We all know that
String is immutable in Java, but check the following code:
String s1 = "Hello World"; String s2 = "Hello World"; String s3 = s1.substring(6); System.out.println(s1); // Hello World System.out.println(s2); // Hello World System.out.println(s3); // World Field field = String.class.getDeclaredField("value"); field.setAccessible(true); char value = (char)field.get(s1); value = 'J'; value = 'a'; value = 'v'; value = 'a'; value = '!'; System.out.println(s1); // Hello Java! System.out.println(s2); // Hello Java! System.out.println(s3); // World
Why does this program operate like this? And why is the value of
s2 changed, but not
String is immutable* but this only means you cannot change it using its public API.
What you are doing here is circumventing the normal API, using reflection. The same way, you can change the values of enums, change the lookup table used in Integer autoboxing etc.
Now, the reason
s2 change value, is that they both refer to the same interned string. The compiler does this (as mentioned by other answers).
s3 does not was actually a bit surprising to me, as I thought it would share the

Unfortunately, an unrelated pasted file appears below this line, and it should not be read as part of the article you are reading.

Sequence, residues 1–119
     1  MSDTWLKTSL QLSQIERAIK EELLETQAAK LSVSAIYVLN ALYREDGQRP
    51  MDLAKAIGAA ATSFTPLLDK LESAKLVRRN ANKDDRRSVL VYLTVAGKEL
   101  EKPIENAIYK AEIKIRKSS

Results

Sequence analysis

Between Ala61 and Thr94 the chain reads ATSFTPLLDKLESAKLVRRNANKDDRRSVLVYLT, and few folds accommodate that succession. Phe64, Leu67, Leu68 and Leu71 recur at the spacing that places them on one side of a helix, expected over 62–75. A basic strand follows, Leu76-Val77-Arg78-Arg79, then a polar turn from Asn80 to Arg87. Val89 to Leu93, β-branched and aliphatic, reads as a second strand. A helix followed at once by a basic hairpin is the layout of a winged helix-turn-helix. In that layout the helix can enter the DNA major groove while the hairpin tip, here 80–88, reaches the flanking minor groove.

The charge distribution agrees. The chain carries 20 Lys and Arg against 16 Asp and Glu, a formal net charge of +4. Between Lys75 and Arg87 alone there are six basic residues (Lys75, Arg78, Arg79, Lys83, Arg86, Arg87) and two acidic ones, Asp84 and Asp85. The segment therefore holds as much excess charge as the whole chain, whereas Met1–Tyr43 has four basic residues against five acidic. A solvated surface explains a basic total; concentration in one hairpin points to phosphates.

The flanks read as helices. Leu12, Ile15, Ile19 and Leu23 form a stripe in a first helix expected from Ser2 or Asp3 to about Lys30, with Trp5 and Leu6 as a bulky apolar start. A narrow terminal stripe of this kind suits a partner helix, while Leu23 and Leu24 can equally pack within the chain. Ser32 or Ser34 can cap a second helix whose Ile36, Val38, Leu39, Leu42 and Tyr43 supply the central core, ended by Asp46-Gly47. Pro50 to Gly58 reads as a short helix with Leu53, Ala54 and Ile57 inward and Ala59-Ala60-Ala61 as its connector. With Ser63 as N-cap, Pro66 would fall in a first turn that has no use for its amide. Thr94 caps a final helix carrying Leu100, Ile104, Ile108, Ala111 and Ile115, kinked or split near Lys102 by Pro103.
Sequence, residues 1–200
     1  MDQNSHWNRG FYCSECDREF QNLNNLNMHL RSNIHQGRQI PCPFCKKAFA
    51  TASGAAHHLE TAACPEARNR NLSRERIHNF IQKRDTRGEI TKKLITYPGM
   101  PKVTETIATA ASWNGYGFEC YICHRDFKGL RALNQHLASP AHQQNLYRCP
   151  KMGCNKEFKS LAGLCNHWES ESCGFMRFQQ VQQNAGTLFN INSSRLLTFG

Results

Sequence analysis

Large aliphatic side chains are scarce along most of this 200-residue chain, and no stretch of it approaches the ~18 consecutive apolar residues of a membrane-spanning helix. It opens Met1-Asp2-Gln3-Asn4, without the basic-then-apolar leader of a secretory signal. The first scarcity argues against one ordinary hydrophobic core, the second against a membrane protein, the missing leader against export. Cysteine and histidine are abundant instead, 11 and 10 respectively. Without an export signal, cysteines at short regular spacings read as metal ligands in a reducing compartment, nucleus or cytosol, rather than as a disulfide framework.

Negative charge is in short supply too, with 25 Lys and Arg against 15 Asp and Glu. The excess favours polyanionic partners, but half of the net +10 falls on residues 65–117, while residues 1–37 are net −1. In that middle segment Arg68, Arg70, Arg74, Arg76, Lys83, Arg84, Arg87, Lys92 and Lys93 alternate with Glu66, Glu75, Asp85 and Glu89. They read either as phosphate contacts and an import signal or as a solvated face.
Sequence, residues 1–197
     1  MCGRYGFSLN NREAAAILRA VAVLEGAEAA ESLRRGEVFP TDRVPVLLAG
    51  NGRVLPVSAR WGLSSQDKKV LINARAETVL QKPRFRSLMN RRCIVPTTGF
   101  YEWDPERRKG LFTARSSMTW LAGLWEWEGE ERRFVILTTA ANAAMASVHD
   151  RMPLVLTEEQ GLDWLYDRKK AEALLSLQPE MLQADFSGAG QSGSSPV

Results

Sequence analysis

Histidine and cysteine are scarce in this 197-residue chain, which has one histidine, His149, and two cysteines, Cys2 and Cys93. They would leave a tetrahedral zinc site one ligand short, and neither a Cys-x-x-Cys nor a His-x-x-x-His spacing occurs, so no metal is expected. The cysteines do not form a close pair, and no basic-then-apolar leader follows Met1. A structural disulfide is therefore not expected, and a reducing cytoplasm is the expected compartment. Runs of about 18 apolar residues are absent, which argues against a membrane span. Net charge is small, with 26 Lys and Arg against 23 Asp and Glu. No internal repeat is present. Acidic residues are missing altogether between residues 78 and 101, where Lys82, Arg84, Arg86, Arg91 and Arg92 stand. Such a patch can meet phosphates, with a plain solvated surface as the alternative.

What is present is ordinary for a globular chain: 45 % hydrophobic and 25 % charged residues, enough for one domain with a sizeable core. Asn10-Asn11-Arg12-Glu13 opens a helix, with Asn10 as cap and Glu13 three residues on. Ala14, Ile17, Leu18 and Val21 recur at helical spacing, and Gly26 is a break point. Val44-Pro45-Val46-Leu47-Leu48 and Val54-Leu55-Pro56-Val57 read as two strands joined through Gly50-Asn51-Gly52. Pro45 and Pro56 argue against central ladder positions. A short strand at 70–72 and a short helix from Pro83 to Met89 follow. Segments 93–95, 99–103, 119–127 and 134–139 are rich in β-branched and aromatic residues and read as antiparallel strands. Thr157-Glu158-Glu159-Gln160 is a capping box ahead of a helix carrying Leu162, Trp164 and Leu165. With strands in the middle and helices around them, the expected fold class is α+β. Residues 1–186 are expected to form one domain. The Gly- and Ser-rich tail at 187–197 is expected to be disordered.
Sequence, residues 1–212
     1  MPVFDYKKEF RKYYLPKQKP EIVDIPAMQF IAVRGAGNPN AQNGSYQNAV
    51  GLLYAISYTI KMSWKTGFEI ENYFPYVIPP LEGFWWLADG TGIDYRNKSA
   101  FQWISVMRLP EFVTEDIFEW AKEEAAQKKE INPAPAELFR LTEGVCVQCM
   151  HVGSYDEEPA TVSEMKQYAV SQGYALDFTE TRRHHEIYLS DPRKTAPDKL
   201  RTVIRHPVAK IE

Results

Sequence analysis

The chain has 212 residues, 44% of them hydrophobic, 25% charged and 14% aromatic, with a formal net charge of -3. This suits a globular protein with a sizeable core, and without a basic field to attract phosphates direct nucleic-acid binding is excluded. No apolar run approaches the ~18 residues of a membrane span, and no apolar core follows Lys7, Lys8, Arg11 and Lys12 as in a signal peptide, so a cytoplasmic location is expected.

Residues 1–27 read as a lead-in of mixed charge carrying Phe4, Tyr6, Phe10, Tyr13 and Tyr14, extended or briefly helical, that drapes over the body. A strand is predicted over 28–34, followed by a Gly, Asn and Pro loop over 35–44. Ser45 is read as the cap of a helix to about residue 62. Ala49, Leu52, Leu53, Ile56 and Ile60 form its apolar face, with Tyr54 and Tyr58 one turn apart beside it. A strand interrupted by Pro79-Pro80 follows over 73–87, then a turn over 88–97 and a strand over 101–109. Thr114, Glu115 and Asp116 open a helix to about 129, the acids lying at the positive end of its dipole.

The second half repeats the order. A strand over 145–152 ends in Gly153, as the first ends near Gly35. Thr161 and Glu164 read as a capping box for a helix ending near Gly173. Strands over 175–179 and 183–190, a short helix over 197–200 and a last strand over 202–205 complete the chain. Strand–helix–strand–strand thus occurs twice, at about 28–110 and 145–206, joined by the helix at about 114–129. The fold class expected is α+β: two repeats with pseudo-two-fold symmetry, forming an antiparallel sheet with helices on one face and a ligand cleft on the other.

value array (it did in earlier version of Java, before Java 7u6). However, looking at the source code of
String, we can see that the
value character array for a substring is actually copied (using
Arrays.copyOfRange(..)). This is why it goes unchanged.
You can install a
SecurityManager, to avoid malicious code to do such things. But keep in mind that some libraries depend on using these kind of reflection tricks (typically ORM tools, AOP libraries etc).
*) I initially wrote that
Strings aren’t really immutable, just “effective immutable”. This might be misleading in the current implementation of
String, where the
value array is indeed marked
private final. It’s still worth noting, though, that there is no way to declare an array in Java as immutable, so care must be taken not to expose it outside its class, even with the proper access modifiers.